LOS ANGELES — Following criticism from various Catholic groups and even a U.S. senator, the Dodgers on Wednesday withdrew an invitation the team had extended to The Sisters of Perpetual Indulgence — described on its website as an “order of queer and trans nuns” — to participate in the team’s annual LGBTQ+ Pride Night.
“This year, as part of a full night of programming, we invited a number of groups to join us,” according to a statement issued by the team Wednesday. “We are now aware that our inclusion of one group in particular —The Sisters of Perpetual Indulgence — in this year’s Pride Night has been the source of some controversy.
“Given the strong feelings of people who have been offended by the sisters’ inclusion in our evening, and in an effort not to distract from the great benefits that we have seen over the years of Pride Night, we are deciding to remove them from this year’s group of honorees.”
The group had been scheduled to receive a Community Hero Award at the team’s June 16 Pride Night, honoring its efforts to promote human rights, diversity and “spiritual enlightenment.”
The Sisters’ website describes the organization as “a leading-edge order of queer and trans nuns.”
“We believe all people have a right to express their unique joy and beauty. Since our first appearance in San Francisco on Easter Sunday 1979, the Sisters have devoted ourselves to community service, ministry and outreach to those on the edges, and to promoting human rights, respect for diversity and spiritual enlightenment. We use humor and irreverent wit to expose the forces of bigotry, complacency and guilt that chain the human spirit,” the group says.
Responding to the Dodgers’ announcement Wednesday, one of the Sisters of Perpetual Indulgence’s most veteran and visible members, known as Sister Roma, said the team was giving in to “right-wing pseudo-Christian media.”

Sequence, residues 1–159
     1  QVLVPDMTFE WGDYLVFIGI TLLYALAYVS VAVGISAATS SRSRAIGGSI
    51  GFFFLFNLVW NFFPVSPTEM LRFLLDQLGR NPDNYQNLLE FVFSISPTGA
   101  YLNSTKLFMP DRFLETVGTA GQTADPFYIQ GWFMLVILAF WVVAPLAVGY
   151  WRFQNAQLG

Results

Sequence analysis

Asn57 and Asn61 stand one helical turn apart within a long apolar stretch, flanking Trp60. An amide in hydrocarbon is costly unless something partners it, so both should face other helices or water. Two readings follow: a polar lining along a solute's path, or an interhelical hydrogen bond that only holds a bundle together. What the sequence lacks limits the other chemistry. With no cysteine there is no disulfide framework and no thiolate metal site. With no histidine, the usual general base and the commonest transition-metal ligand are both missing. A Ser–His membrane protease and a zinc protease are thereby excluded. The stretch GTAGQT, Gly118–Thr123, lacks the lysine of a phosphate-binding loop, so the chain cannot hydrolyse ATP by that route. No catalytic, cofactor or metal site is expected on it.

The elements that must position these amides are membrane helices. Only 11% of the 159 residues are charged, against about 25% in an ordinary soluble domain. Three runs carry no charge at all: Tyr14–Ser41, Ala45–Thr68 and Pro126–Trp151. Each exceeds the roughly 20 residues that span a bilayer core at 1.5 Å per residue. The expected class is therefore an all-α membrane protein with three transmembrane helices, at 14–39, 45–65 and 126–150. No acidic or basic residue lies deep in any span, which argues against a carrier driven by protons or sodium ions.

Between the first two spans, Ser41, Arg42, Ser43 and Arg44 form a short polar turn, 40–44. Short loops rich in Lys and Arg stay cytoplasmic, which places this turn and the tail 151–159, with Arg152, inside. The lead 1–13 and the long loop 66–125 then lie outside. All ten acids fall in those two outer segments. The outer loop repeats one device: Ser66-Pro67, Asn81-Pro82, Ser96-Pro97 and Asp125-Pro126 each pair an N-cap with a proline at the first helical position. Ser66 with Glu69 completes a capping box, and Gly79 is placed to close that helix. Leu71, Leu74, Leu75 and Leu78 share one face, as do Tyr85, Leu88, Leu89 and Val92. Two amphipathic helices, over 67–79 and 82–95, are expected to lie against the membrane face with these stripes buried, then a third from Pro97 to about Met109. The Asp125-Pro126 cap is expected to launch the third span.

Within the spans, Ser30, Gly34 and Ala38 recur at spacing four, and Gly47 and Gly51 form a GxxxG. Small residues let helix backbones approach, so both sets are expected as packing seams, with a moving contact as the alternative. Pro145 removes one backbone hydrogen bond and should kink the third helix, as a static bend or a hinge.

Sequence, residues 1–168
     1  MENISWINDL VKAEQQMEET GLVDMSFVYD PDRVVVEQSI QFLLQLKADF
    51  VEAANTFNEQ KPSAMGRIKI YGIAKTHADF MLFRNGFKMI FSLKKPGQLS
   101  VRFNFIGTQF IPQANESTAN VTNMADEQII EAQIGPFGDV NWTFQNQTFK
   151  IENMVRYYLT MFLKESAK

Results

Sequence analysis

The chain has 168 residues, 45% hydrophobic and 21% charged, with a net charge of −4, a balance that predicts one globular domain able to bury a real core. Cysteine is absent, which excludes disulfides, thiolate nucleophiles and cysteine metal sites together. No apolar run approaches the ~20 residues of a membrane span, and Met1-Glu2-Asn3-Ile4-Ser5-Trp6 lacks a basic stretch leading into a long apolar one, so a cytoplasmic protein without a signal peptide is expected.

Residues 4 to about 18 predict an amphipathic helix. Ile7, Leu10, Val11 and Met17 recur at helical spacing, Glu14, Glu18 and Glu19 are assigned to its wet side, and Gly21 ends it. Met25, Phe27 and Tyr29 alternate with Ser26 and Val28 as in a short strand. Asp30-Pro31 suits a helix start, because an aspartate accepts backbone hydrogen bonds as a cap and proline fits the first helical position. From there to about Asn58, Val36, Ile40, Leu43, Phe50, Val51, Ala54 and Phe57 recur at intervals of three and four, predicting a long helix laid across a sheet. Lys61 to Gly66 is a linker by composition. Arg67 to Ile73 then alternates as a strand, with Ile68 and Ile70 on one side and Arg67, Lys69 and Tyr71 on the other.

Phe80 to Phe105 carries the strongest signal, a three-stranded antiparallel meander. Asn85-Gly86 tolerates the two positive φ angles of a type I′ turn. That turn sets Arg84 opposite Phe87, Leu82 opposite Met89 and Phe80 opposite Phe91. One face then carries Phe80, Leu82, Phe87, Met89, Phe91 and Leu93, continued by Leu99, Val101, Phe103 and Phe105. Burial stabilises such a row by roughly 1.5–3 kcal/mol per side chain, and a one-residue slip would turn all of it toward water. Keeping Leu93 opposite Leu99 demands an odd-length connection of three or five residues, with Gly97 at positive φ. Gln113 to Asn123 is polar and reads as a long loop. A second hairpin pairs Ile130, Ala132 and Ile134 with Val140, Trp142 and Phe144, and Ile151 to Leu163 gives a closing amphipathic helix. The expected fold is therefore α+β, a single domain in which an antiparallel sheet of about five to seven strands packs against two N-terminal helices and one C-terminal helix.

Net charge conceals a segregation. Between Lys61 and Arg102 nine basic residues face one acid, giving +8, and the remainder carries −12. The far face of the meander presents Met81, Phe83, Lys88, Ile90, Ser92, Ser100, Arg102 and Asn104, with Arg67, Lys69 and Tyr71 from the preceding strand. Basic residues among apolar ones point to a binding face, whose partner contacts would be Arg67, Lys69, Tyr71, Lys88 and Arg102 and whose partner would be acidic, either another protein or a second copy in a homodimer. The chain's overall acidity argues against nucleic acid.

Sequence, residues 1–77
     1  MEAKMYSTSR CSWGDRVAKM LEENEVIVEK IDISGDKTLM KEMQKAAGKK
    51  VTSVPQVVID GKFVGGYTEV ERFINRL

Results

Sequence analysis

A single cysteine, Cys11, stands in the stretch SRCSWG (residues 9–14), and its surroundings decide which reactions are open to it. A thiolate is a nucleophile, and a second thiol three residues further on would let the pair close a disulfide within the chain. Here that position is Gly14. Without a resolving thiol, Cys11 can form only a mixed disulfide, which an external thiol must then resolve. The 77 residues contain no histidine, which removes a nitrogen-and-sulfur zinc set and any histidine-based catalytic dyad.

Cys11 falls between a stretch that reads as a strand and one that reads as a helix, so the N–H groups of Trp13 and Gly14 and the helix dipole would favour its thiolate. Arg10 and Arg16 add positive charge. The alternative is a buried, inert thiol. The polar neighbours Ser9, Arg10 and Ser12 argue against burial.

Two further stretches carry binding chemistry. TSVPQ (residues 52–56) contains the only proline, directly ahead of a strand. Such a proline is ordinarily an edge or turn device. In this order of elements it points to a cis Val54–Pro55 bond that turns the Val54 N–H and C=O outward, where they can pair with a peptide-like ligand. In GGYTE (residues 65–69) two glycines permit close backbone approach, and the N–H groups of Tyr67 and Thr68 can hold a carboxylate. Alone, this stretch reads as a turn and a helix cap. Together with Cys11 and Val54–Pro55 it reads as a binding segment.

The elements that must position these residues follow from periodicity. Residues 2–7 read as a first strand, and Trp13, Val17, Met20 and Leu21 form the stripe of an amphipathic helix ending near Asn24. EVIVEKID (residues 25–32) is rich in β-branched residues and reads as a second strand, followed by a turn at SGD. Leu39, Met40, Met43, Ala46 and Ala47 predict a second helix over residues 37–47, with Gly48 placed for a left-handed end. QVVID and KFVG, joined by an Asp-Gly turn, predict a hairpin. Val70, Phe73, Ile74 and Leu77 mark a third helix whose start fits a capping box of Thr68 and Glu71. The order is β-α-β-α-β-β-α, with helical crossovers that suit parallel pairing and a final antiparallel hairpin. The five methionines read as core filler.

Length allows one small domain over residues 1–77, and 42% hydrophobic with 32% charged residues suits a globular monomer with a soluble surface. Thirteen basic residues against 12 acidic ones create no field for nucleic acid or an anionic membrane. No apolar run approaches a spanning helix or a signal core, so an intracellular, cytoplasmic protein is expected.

“So disappointing to see the Dodgers cave to the conservative pseudo-Christian homophobes,” Sister Roma wrote on Twitter. “This weaponizing of religion is exactly what the (Sisters) have been protesting for decades.”
The Dodgers’ original decision to honor the group drew criticism from various Catholic organizations. Bill Donohue, president of the Catholic League, accused the team of “rewarding anti-Catholicism” by honoring the group.
“The Catholic League has been the leading critic of this bigoted organization for many decades,” Donohue wrote on the organization’s website. “… These homosexual bigots are known for simulating sodomy while dressed as nuns.”
He added, “Just last month, they held an event mocking our Blessed Mother and Jesus on Easter Sunday.”
Donohue said he wrote to Major League Baseball Commissioner Rob Manfred to protest the Dodgers’ decision to honor the group.
Sen. Marco Rubio, R-Florida, also sent a complaint to Manfred, saying the group “mocks Christians through diabolical parodies of our faith.”
“Do you believe that the Los Angeles Dodgers are being ‘inclusive and welcoming to everyone’ by giving an award to a group of gay and transgender drag performers that intentionally mocks and degrades Christians — and not only Christians, but nuns, who devote their lives to serving others?” Rubio wrote in his letter.
The organization Catholic Vote also condemned the move. Its president, Brian Burch, issued a statement Wednesday hailing the team’s decision to exclude the group, which he called “an anti-Catholic hate group known for their gross mockery of Catholic nuns.”
“While we continue to wonder how such a group was selected in the first place, this incident should serve as a wake-up call for all religious believers: unchecked woke corporations have no qualms about exploiting people of faith,” Burch said.
But the team’s decision to dis-invite the group also generated criticism.
“If they’re not invited, I’m not going,” Los Angeles County Supervisor Lindsey Horvath wrote on her Twitter page. “Celebrating Pride is about inclusion. Do better.”
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